Monday , December 9 2019
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Tag Archives: standard of living

Bonus Quotation of the Day…

… is from page 175 of Pierre Desrochers’s and Joanna Szurmak’s important 2018 book, Population Bombed!: In the end, population growth and the development and use of carbon fuels liberated human labour and brains from subsistence agriculture while simultaneously reducing pressures on both wild flora and fauna. As a result, not only has much marginal agricultural land been rewilded in many parts of the world over the last several decades, but an increasingly large number of human brains...

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George Will rightly – and devastatingly – criticizes Sen. Marco Rubio for “joining anti-capitalist conservatives.” A slice: Rubio serves in a legislature whose constant resort to funding the government with continuing resolutions testifies to its incompetence concerning even its most elemental function: budgeting. Yet he expects this government to wisely define the “common good” and deftly allocate wealth and opportunities accordingly. John Samples is, like George Will, dismayed by the...

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Reflections on the Fall in the Labor-Force-Participation Rate

In my latest column for the Pittsburgh Tribune-Review I reflect on some possible causes of the fall, in the United States, in the labor-force-participation rate. A slice: Indeed, the very length and timing of the 70-year-long decline in men’s labor-force participation strongly suggests that much of this decline reflects a rise in prosperity rather than in problems. In the decades immediately after WWII ordinary Americans famously became wealthier. The U.S. economy boomed, despite the...

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Quotation of the Day…

… is from page 158 of Deirdre McCloskey’s insight-filled 2019 book, Why Liberalism Works: How True Liberal Values Produce a Freer, More Equal, Prosperous World for All: [Thomas] Piketty downplays the main reason that we are so much better off than our ancestors. The reason is not the character of distribution, but the ingenuity encouraged by letting people run their farms or their factories the way they want, taking the risk of failure and the rewards of success. We all agree that...

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Shikha Dalmia argues that Trumpism increases Americans’ likelihood of embracing policies of the sort peddled by Bernie Sanders and Elizabeth Warren. A slice: Socialism subordinates the interests of individuals in the name of a utopian egalitarianism, producing terrible results wherever tried. And yet it manages to seduce people because it purports to advance a just society. But America First dispenses with notions like justice. It has a zero-sum Hobbesian view of the world where one...

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Quotation of the Day…

… is from page 486 of George Will’s excellent 2019 book, The Conservative Sensibility: It is astonishing that we do not live in a state of perpetual astonishment. DBx: If you’re reading these words, why are you not in a perpetual state of astonishment – or, at least, in such a state frequently? You are gazing at the screen of a computer, powered by electricity generated at a place that you likely do not know by machines built with technological knowledge about which you almost certainly...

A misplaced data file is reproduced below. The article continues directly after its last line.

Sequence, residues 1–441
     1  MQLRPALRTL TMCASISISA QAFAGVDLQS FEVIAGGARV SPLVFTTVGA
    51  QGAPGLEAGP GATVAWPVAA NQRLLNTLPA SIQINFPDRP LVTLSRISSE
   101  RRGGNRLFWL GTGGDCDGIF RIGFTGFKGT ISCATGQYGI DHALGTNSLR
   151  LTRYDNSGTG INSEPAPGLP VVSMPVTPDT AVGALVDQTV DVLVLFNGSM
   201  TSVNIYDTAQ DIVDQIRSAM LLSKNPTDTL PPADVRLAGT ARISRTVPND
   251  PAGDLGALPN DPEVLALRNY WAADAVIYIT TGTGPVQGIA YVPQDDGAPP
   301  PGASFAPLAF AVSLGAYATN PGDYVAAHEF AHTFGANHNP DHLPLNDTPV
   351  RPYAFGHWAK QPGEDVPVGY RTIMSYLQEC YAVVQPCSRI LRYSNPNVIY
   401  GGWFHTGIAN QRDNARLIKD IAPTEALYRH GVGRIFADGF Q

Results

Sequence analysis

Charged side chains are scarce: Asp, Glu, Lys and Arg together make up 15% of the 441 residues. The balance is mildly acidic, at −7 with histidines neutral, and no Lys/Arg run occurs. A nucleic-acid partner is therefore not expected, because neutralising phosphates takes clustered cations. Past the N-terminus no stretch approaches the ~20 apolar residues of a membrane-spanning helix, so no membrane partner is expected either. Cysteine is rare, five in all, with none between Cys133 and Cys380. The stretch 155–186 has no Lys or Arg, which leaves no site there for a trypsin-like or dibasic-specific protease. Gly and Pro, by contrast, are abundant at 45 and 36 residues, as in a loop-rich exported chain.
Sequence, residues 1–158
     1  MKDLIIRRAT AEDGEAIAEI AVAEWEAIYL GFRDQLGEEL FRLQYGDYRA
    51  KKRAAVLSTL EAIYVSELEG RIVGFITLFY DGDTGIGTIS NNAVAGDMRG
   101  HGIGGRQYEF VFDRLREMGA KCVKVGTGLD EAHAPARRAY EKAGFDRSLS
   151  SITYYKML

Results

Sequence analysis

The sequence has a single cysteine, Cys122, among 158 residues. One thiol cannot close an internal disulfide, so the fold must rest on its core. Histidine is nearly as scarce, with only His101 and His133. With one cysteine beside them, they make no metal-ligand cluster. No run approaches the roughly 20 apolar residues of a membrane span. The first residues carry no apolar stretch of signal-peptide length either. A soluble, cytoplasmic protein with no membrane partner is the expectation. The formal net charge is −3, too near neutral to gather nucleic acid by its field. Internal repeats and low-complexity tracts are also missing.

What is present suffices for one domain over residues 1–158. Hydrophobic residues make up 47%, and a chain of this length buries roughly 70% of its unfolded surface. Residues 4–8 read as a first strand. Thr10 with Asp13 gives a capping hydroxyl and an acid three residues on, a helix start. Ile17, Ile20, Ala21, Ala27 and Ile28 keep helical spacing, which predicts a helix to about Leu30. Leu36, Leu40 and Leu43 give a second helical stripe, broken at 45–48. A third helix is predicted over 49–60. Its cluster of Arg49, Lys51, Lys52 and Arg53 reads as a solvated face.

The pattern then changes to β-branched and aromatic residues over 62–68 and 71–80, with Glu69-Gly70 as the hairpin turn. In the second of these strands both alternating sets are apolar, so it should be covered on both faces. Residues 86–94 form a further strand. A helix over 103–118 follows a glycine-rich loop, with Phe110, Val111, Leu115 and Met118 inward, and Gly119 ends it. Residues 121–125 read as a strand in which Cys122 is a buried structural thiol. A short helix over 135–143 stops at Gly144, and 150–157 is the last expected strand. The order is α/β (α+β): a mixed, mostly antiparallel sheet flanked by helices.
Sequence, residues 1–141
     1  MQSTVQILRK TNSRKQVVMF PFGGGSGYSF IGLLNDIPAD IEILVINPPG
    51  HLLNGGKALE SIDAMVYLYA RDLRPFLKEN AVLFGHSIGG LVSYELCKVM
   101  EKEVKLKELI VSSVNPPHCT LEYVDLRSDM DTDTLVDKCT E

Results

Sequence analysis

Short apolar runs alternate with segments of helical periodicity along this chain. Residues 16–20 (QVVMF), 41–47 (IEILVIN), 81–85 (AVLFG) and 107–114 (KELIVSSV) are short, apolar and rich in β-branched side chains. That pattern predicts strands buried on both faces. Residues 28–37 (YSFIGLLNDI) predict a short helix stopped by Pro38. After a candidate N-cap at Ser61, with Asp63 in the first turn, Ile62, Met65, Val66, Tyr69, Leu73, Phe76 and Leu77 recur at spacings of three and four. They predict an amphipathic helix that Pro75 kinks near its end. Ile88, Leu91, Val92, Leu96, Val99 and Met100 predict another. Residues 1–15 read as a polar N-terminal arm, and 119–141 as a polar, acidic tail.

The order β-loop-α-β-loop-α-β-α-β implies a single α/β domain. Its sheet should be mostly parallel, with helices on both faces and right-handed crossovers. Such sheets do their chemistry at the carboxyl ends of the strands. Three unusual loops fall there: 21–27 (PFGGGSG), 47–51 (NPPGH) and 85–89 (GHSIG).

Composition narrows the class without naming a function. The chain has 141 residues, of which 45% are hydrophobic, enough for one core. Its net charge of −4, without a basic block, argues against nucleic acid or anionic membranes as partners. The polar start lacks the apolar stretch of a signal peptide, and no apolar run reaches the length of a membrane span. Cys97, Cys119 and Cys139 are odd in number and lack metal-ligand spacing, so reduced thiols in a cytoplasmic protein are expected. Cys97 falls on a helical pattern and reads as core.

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George Will is correct that Elizabeth Warren in many ways has become the Trump of the political left. Here’s his conclusion: Her cachet has been intellectual gravitas, supposedly demonstrated by blueprints for refurbishing everything. Suddenly, “the thinking person’s Bernie Sanders” seems more like progressivism’s Trump, exacerbating social hostilities and playing fast and loose with facts. Markets, for which Warren has minimal respect, are information-generating mechanisms, and...

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Pittsburgh Tribune-Review: “Statistics tell us …”

In my November 25th, 2006, column for the Pittsburgh Tribune-Review I warned against careless presentations and readings of statistics, for even the most accurate statistics can be highly misleading. You can read this column below the fold. Statistics tell us … As the old saw goes, “If you torture the data long enough, they’ll confess.” For anyone who works with statistics, this observation rings true. It’s not that data lie (although instances of outright falsification are not...

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My intrepid Mercatus Center colleague Veronique de Rugy gives good reasons for us Americans to give thanks. A slice: While millions of manufacturing and other “middle-skill” jobs have disappeared, that decline has been more than offset by an increase in the number of high-skilled jobs. In fact, a look at the data reveals that while the middle class has indeed thinned out, it’s because more and more Americans are joining the upper class, a phenomenon that we should applaud. Meanwhile, the...

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Quotation of the Day…

… is from page 155 of Deirdre McCloskey’s 2019 excellent book, Why Liberalism Works: How True Liberal Values Produce a Freer, More Equal, Prosperous World for All: The danger is that each new generation will not realize how good for the poor the Bourgeois Deal has been, and will forget how bad the earlier deals have been – the Bolshevik Deal, for example, in which the government takes over the railways and the electric companies and the newsagents and the newspapers and your employment,...

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